My second question has to do with secrecy. In the 1930s, there were a few years when the Gulag and its work were openly mentioned in the Soviet press. But this period was short, and with the coming of the Great Terror and then the war itself, the entire system of forced labor and incarceration became shrouded in official secrecy. Yet, as Alan’s book at least implicitly notes, there was an underlying tension embodied in some of the Gulag camps, especially the ones that could strengthen Party and government claims about the heroic economic output (particularly urgent in wartime) of the state. (Frequently, of course, these claims were framed as narratives about the conquest of difficult natural landscapes). In the case of Vorkuta, as Alan notes, the source of Leningrad’s coal during the war could not be discussed for obvious reasons. He suggests that one reason to build an actual city around the mining site (which, as part of the Gulag, had to be kept secret) was to build a shell around that secrecy, an exterior. Alan notes that “[i]f the significant achievements of Vorkutlag’s coal mines were to be paraded, a city provided a suitable vehicle for this. Thus, we see the emergence of a place called Vorkuta on the pages of Pravda beginning in 1943… (73).” This is, on one level, an amazing recognition: that a Soviet city was created in order to draw attention to the economic production of the Gulag while keeping the terrible human cost of that production deeply secret.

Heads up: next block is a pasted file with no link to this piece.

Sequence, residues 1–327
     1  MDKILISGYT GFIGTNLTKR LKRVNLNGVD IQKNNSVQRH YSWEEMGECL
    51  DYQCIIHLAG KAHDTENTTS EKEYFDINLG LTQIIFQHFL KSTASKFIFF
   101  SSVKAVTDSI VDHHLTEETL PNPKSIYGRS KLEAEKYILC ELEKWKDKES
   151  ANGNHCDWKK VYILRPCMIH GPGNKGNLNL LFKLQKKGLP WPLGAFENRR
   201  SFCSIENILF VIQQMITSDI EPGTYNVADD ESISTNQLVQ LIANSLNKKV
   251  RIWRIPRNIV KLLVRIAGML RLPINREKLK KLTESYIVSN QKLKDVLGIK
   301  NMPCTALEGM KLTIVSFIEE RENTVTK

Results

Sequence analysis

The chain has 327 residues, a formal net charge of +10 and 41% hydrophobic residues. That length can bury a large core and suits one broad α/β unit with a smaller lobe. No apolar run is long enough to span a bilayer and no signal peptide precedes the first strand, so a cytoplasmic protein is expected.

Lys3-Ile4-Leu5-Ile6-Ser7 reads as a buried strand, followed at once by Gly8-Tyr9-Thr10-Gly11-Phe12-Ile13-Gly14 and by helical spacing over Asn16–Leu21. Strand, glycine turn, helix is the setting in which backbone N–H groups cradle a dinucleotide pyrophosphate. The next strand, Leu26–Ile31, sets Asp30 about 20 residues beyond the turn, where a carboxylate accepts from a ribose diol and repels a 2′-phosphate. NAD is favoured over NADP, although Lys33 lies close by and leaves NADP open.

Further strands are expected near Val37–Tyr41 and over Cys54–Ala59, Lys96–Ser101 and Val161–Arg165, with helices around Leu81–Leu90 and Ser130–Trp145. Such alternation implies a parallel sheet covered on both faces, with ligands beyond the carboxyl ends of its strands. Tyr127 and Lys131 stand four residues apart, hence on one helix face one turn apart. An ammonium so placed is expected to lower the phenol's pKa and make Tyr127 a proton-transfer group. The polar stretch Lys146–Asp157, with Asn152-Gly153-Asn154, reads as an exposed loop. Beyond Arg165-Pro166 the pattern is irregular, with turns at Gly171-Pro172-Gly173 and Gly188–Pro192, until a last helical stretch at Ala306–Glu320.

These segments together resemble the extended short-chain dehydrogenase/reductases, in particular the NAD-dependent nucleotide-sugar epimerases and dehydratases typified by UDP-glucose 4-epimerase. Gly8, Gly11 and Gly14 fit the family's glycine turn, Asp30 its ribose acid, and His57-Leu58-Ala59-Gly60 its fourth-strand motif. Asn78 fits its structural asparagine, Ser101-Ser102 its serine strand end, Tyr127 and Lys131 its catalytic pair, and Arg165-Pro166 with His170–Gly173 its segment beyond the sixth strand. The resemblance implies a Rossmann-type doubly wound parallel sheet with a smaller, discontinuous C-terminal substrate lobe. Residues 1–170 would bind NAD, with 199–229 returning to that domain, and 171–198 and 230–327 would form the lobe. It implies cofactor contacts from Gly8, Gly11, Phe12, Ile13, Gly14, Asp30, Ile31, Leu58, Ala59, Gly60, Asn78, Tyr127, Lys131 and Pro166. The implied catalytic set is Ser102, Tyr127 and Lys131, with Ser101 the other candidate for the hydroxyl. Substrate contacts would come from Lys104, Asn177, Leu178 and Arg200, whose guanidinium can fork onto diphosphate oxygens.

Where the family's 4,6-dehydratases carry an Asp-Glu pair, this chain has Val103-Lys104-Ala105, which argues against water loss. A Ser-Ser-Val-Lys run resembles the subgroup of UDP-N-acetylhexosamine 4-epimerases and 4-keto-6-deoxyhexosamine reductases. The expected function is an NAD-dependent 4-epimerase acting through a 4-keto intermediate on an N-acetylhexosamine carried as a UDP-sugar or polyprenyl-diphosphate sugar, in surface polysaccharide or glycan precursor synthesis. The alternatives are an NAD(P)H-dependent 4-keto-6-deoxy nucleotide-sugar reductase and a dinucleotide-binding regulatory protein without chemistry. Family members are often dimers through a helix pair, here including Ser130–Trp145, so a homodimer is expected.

So my question for Alan is one about the history of public knowledge about Vorkuta, and Soviet cities in general. As Alan notes, Vorkuta was not a typical Soviet city—-it had its own particular idiosyncratic history, imbricated in the Gulag but then with the rise of a new “civilian” city, opened into an almost aspirational place for many. In that sense, Vorkuta might be located on a continuum of urban spaces, from the relatively “open” (such as Moscow) to the highly regulated (such as the secret “closed cities” which officially didn’t exist). If we parse this out, we see also a kind of regulation of both the space and information about the city. So, would Alan see Vorkuta/Vorkutlag’s history, intertwined as it is with the Gulag, as instructive for those seeking to understand the regulation of geographical space and information in the Soviet era? (And this question goes, I think, to a fundamental assertion that Alan makes at the beginning of his book, that Vorkuta was not a typical Soviet city nor a typical Gulag camp, but that its exceptional nature has much to tell us.)